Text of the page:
The execution chamber in the Arizona prison in Florence (Getty)
The execution chamber in the Arizona prison in Florence (Getty)

A US court has ordered the execution of a death row inmate in Arizona to be halted until more is known about the lethal drugs used to execute him.

The three-judge panel of the appeals court said that Joseph Wood, 55, who was sentenced to death for murdering his former girlfriend and her father in 1989, was entitled to know more about the lethal cocktail, and who would be administering them.

Wood's lawyers successfully argued that the refusal of prison officials to disclose the identity of the drugs used in the execution scheduled for Wednesday, violated his constitutional rights.

The ruling follows the botched execution of Clayton Lockett in April, who writhed agony before dying of a heart attack 40 minutes after the wrong mixture of drugs was administered.

State authorities previously had the right to keep the identity of the drugs secret and argued that they were acting to protect the companies that supplied them. This also kept safe the individuals who administered them, so they were not targeted.

The final ruling was 2-1 in favour of releasing details about the lethal drugs. The three-judge panel of the 9th US Circuit Court of Appeal stated: "Wood has presented serious questions going to the merits of his claim, and that the balance of hardships tips sharply in his favour."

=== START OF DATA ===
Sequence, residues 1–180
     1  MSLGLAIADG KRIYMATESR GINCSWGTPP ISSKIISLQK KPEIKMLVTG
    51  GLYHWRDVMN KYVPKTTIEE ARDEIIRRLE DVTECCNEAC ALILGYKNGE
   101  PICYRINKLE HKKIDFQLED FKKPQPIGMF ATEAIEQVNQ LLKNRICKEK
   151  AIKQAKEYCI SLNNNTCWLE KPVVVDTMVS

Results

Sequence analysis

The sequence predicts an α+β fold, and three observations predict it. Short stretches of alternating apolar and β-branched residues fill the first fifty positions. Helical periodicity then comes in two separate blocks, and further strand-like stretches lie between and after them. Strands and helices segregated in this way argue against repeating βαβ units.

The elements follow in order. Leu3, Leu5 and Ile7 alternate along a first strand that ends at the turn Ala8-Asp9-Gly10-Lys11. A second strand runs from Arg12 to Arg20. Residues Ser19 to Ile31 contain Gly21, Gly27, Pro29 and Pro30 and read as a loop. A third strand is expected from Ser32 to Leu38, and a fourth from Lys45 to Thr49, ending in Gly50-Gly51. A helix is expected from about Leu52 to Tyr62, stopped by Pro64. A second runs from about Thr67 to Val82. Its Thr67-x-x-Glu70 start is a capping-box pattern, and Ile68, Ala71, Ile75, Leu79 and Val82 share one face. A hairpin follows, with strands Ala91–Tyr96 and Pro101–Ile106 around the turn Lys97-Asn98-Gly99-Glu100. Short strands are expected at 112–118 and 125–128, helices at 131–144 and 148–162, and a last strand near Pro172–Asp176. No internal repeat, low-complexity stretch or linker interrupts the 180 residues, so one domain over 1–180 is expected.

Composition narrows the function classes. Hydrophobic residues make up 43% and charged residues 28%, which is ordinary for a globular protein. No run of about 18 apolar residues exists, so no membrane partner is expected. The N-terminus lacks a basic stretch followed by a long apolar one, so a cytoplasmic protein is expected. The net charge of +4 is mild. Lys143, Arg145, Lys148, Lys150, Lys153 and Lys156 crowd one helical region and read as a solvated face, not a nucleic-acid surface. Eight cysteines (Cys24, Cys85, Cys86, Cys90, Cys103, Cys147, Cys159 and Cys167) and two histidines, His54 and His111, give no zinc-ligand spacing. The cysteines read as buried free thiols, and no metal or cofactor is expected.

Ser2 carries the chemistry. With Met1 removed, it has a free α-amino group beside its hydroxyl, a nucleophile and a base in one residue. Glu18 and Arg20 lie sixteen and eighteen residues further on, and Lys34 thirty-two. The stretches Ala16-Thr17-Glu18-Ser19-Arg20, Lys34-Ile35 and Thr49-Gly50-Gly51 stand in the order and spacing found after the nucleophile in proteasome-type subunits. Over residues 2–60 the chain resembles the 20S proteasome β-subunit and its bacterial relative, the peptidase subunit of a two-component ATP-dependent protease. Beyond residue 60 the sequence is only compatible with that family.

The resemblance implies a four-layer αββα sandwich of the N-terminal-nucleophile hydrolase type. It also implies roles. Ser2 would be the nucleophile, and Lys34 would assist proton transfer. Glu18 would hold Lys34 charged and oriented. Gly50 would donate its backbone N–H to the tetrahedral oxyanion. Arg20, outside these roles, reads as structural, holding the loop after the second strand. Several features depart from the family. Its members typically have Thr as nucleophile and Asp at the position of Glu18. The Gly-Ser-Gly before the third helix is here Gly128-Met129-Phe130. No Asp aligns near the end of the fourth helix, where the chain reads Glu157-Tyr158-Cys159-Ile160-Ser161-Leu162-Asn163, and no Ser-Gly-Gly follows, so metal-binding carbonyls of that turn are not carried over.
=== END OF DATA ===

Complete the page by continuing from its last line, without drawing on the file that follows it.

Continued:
Reacting to the verdict, Wood's lawyer Dale Baich said: "Today the court has made a well-reasoned ruling affirming the core First Amendment principles regarding the public's right to know, which aid all parts of our democratic government."

"The court said it's important that specific and detailed information be provided so the public can know about how safely and reliably the death penalty is administered" the lawyer added.

A spokesman for Arizona's attorney general said that the state would ask the full appeals court to reconsider the verdict.

States are currently struggling to find drugs for executions following a boycott from European pharmaceuticals firms.

Woods is one of six inmates who sued the state last month. They argued that keeping the identity of the drugs secret and refusing to disclose the medical qualifications of those present during their administration violated their constitutional rights.

In 1989, Woods walked into a car shop in Tucson, Arizona, and shot to death his former girlfriend, Debbie Dietz, after murdering her father.